5. Don't ignore the floor. You may be the only one who sees it, but the floor of a closet matters, because you'll be standing on it in your bare feet every day. For warmth underfoot, carpet is your best bet. But carpets in closets can be difficult to vacuum. For maximum cleanability, go with wood or vinyl.
6. Watch out for mold, mildew, and other still-air breeders. Closets need some airflow and dehumidification or they become breeding ground for mold, mildew, even insects. A bathroom-size fan, timed to go on and off at regular intervals, will help pull air through the closet even when the door is shut. A small dehumidifier is another way to keep things from getting musty, especially if the closet is in a damp basement.
7. Beware of cedar. Cedar closets do keep moths away, but the cedar scent can permeate adjacent spaces. If you don't want your bedroom to smell like a gerbil cage, locate the cedar closet in an attic or basement with at least one additional door (other than the door of the closet) between you and it.
Your next best bet if space is too tight for a swinging door. But these bypassing slabs are prone to racking, binding, and even popping off their tracks — and you can only get at one half of the interior at any given moment. Swapping out the generic hardware for "HD," or heavy-duty hardware, limits the problems and is well worth the cost in the long run.
Your options for outfitting a closet are now nearly as wide as your choices for furnishing your house. Years ago, all you got were poles, hooks, and shelves. Today, custom millwork is not uncommon, with levels of visual finish as sophisticated as any high-end kitchen or bath.
New closets. If you don't say anything to a contractor, you'll get a basic "pole and shelf" setup: a single pole with a fixed shelf above it. Then it's up to you to customize the interior yourself. Typically built and painted on-site, this is the least expensive way to go.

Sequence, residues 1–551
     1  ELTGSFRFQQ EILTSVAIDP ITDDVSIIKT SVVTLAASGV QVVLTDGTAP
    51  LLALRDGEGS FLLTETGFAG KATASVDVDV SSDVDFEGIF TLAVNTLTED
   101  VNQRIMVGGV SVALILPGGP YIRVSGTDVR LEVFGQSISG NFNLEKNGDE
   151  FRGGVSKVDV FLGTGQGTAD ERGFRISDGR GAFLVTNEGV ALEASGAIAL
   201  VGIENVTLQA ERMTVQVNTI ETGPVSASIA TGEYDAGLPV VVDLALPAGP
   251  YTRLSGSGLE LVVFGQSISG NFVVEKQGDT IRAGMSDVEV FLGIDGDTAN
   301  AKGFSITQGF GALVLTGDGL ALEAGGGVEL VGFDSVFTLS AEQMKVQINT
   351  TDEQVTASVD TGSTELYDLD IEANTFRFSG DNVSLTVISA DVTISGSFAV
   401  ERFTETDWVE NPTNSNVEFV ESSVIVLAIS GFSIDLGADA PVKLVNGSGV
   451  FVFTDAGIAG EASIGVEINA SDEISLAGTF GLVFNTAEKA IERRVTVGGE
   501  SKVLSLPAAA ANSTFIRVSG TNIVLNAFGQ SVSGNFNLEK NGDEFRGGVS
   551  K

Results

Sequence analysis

The next step up is multiple poles and shelves of varying lengths and heights to accommodate different types of garments. Typically, the vertical partitions holding up the poles are used as the sides for adjustable shelving. The components can be shop built and painted on-site or, for a more durable (and expensive) finish, surfaced with melamine or laminate.
The third option is shop-built, prefinished wood — essentially furniture that is designed and dimensioned to fit your closet interior precisely. Custom-made dresser drawers, shoe cubbies, shelving, and partitions give you the maximum amount of storage but also cost the most money.
Existing closets. The quickest way to increase storage capacity in an existing closet is with a standardized closet "system." The classic coated-wire basket system is widely available, simple to install, and inexpensive, but often has bins that are too deep to allow for easy access to smaller items. Garments can also catch on the wire shelving.
Supplier-installed standard systems, professionally designed and measured to fit your closet, cost less than a custom-crafted interior but are far more expensive than the do-it-yourself option. The upside is that they have true drawers, offer the maximum storage capacity, and have a more finished look.
Because they afford access to the full width of the closet while gobbling up only half as much floor space as swing doors, bi-folds are tempting. Until you realize they've got twice the number of moving parts as sliding doors and twice the opportunity for binding or falling off their tracks.
When Is a Closet Not a Closet? When It's Furniture!
Sometimes building a closet isn't practical for economic or design reasons. Armoires still make a lot of sense for hanging items. You'll have to trade off a little storage space (say 10 to 20 percent), but an armoire can have several advantages over a closet of comparable size:
Flexibility: Unlike an armoire, a closet can't be moved around, which means your options for furniture placement are more limited.
Cost: Inexpensive, prefabricated armoires are inevitably cheaper than even the simplest comparable closet.
Aesthetics: Like any piece of furniture, an armoire can add to the look of a room.
Sense of space: Because an armoire typically does not extend all the way to the ceiling (and often is set on feet above the floor), it allows for a better appreciation of the full volume of the space surrounding it